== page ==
• The argument contests the designation of this case as the ‘rarest of rare’ warranting capital punishment based on material contradictions in witness testimonies and acceptance of evidence like extra-judicial confessions.
  • The prosecution is accused of failing to prove conspiracy among the appellants under Section 120B of the IPC, and errors are highlighted in applying Section 106 of the Indian Evidence Act due to the absence of the deceased’s body in exclusive possession of the main accused.
  • The learned senior counsel emphasizes the lack of evidence besides alleged confessions to establish the guilt of the accused in the kidnapping and murder of the deceased boy.
  • The reliance on confessional statements, deemed inadmissible under specific sections of the Indian Evidence Act, is highlighted as the basis for all findings of guilt by the trial court and the High Court.
  • The State of Chhattisgarh argues that the case involves the gruesome murder of a two-year-old boy as a human sacrifice.
  • The prosecution has successfully proven the guilt of the accused beyond reasonable doubt.
  • The High Court considered aggravating and mitigating circumstances and affirmed the death sentence for the main accused individuals, Ishwari Lal Yadav and Kiran Bai.
  • The case of Sushil Murmu, where a similar murder for a deity sacrifice was upheld, was cited to support the argument.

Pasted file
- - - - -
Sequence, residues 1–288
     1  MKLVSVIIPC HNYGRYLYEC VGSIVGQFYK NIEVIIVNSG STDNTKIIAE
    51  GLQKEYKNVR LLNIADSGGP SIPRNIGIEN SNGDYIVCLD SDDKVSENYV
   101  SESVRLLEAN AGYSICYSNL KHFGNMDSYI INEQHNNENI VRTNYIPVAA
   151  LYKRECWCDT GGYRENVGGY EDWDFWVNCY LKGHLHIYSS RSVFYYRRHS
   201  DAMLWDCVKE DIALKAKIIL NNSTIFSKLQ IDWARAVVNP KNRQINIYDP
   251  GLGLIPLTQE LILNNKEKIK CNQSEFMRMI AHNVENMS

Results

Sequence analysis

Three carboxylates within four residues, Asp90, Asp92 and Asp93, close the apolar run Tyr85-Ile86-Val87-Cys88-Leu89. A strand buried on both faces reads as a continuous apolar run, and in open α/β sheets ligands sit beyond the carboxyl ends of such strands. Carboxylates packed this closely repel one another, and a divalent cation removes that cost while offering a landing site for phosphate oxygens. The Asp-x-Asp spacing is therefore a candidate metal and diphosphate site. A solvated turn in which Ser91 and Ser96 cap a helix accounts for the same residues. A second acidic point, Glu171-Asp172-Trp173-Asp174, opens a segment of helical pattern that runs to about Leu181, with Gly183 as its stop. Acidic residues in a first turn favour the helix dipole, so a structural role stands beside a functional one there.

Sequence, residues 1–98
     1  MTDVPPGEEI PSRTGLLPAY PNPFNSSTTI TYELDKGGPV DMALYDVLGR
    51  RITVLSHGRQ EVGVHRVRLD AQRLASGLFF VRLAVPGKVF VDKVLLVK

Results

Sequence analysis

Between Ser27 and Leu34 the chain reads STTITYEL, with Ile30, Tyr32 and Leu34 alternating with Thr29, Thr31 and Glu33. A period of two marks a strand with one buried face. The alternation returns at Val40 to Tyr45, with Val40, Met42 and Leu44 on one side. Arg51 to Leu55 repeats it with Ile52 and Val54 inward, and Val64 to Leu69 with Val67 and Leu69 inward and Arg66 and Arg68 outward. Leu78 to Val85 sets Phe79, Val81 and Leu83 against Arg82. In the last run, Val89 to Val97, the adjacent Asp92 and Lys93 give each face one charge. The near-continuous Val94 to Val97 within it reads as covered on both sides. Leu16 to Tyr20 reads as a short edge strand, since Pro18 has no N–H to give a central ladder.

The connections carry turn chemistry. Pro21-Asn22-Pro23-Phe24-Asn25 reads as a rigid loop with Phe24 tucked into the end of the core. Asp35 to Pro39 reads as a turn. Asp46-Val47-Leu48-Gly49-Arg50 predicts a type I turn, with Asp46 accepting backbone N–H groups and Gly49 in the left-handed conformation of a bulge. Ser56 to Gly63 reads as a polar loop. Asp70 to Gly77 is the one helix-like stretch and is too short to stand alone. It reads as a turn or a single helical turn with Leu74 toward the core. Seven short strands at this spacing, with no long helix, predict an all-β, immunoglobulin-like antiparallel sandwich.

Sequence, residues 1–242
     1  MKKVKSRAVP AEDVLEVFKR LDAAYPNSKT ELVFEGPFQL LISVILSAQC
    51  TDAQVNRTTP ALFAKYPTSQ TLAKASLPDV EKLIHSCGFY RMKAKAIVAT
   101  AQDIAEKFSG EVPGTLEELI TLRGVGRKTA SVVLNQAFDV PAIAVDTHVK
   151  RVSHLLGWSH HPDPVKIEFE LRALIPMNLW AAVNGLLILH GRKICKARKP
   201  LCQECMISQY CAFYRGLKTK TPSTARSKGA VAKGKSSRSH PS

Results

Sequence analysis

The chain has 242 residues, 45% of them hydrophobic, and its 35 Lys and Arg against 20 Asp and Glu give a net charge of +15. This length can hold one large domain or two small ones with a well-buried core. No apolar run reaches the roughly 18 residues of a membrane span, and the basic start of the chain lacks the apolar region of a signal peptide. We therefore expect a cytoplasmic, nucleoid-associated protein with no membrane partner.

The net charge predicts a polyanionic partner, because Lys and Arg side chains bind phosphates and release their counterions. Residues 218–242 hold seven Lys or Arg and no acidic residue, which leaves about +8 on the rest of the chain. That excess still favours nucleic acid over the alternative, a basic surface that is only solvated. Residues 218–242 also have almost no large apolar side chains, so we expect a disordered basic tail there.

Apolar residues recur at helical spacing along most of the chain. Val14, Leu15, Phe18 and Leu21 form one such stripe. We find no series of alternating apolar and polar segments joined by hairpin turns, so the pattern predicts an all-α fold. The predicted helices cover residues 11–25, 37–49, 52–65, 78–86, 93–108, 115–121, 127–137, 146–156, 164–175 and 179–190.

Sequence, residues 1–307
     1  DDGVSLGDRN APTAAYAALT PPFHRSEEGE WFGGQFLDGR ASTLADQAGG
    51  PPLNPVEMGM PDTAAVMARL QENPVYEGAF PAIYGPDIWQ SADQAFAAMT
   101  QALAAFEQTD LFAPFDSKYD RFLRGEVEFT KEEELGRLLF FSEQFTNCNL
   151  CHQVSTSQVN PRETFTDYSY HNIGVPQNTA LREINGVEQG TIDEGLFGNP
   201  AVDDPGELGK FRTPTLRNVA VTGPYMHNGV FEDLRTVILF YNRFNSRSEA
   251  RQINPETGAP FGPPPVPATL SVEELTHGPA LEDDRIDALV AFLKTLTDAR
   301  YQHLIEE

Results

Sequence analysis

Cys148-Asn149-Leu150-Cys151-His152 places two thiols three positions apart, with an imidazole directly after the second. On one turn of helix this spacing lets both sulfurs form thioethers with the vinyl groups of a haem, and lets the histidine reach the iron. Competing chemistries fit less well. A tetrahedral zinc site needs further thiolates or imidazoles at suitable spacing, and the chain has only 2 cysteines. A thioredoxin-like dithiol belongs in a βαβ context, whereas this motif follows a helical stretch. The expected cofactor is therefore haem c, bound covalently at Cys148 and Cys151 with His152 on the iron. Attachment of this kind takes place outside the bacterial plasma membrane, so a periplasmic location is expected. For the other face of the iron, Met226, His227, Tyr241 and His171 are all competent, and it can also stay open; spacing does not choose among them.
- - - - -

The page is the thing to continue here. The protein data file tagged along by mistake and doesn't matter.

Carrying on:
• The presence of all appellants in the main accused’s house, along with the recovery of the deceased’s body from the same location, is established through multiple witnesses.
  • In contrast to another case where a confession was the principal evidence, here, there were multiple eyewitnesses providing testimony.
  • The reliance on a judgment stating that extra-judicial confessions are weak evidence was acknowledged but deemed insufficient to invalidate the strong evidence in this case.
  • Upon careful review of the judgments and evidence on record, the arguments presented by the State Counsel are supported.

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  • The constable who took the application for post mortem was examined as PW-1.
  • All witnesses consistently stated that the body was in two parts, with cheeks cut and tongue missing.
  • Fresh mounds of earth were found, leading to the discovery of the deceased child’s body in two parts.
  • The main accused, Ishwari Lal Yadav and Kiran Bai, were proven guilty under Section 302 read with Section 34 of the IPC.
  • Confessions were made by the main accused, admitting to the murder of the child for human sacrifice.
  • Witnesses entered the house of the main accused after hearing loud music, leading to suspicion.
  • The body of the child had severe injuries including severed head, cut cheeks, and missing tongue.
  • For the common intention to apply under Section 34, there must be a pre-arranged plan amongst the perpetrators.
  • Other accused were followers of the main accused ‘tantriks,’ but their involvement in the crime was not proved.
  • The burden of proof lies on the prosecution to establish facts within the knowledge of the accused.